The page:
Ground Services

Australia faces post-Covid skills shortage in aviation

Australia faces post-Covid skills shortage in aviation
One expert said the aviation industry has a "reputation problem" (Image credit: @nimdamer/Adobe Stock)

Australia’s aviation industry faces a skills shortage after losing so many workers to the coronavirus pandemic, experts have warned.

It is estimated 25,000 people left the commercial aviation sector in Australia after airlines made staffing cuts, having been one of the worst hit industries through Covid.

But since the pandemic, many of those who left the industry have retrained in other sectors and haven’t come back.

Speaking to the Australian Broadcasting Corporation (ABC), Greg Bamber, a professor at Monash University in Melbourne, said: “Many people don’t want to come back.

“It’s a tough job. You’re working shifts, you’re away from home … people have found new jobs.

“[And] the aviation sector does have a reputation problem,” he added.

In September last year, the High Court of Australia ruled that Qantas illegally sacked 1,700 workers during the pandemic, instead outsourcing these jobs to keep costs down.

At the time, Michael Kaine, national secretary of the Transport Workers’ Union, described the court’s ruling as a “David and Goliath” victory for workers.

The Australian flag carrier claimed the outsourcing of its employees was a necessary financial measure.

Now, according to Elaine Wallace, an apprenticeship co-ordinator at Boeing: “Everyone wants to be a pilot but there’s a gap in the market for technicians.

“The industry has job ads going out for six to 12 months with no qualified person applying.”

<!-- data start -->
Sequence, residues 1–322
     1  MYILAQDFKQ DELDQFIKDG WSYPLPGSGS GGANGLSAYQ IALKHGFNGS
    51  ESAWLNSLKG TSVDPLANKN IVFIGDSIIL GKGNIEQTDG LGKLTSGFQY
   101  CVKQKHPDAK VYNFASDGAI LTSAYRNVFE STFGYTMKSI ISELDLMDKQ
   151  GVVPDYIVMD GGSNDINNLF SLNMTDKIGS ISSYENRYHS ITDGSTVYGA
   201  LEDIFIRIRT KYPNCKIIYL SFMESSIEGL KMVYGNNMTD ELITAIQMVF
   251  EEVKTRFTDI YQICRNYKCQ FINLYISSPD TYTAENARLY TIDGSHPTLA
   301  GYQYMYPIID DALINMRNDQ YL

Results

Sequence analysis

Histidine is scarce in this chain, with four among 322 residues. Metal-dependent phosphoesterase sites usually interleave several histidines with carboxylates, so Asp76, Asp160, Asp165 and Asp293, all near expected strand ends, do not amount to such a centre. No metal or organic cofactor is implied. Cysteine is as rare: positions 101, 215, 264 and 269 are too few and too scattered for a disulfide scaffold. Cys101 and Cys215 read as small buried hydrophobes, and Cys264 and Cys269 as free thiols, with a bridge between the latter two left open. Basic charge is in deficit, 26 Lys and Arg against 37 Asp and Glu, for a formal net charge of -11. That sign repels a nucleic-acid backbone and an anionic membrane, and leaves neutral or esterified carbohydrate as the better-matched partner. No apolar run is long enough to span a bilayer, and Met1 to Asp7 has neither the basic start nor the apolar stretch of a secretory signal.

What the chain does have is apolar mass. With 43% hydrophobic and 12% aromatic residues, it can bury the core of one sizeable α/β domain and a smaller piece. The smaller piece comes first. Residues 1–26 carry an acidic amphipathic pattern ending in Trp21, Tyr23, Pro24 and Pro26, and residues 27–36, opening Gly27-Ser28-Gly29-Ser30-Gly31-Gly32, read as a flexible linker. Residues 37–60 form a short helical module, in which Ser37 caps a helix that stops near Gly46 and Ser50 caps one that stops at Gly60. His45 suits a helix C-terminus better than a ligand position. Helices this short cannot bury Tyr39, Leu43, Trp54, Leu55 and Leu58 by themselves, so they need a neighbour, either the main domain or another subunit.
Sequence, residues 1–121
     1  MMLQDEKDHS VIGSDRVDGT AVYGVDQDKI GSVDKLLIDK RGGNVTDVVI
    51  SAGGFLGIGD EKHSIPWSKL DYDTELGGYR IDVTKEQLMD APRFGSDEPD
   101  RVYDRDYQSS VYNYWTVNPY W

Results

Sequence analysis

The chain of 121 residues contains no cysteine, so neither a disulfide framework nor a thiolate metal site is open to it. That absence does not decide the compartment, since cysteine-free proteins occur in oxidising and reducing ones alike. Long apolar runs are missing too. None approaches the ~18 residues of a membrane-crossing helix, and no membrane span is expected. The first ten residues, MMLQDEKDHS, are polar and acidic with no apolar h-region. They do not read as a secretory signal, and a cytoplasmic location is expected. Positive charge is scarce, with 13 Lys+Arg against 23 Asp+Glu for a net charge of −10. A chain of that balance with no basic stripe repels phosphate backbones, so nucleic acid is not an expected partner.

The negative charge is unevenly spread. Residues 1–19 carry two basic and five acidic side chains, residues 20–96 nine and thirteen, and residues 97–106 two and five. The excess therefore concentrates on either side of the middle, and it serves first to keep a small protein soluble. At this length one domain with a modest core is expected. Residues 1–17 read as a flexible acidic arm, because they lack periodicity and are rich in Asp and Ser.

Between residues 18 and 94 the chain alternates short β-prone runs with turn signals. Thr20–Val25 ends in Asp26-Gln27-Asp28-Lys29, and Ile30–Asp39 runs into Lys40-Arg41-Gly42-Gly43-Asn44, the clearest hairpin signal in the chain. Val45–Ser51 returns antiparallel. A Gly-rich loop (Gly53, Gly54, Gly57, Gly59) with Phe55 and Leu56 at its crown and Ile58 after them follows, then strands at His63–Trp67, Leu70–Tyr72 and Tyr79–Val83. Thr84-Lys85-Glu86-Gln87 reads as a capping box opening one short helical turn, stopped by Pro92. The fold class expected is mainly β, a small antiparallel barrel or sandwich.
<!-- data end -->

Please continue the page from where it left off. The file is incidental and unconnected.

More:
But Australia’s aviation industry is not the only one to suffer from post-Covid workforce challenges.

The industry, globally, is experiencing labour shortages from ramp operators to engineers.

Steve Allen, CEO of dnata, told ARGS in February that the ground handler is still struggling to recruit in regions like the Far East and Northern Europe, as well as Australia.

He explained that today’s biggest challenge is the average length of service for airside workers being only three or four years before they move onto other jobs – and potentially new careers.

Whereas, a number of years ago it was the case that aviation workers would stay in industry throughout their working lives.

Allen said: “A lot of people left aviation [during the pandemic] – a lot of the people who had been in it for many, many years didn’t come back.

“Now we have a workforce that demands more from the company in terms of looking after them and offering them development …

“The people who stay, stay because they like their manager, they like the environment they’re working in, because they’re given nice uniforms and good tools to do the work and nice places to rest on their breaks.

“Therefore, we’re investing in what it’s like to work here – not just getting the numbers up. That’s really important.”

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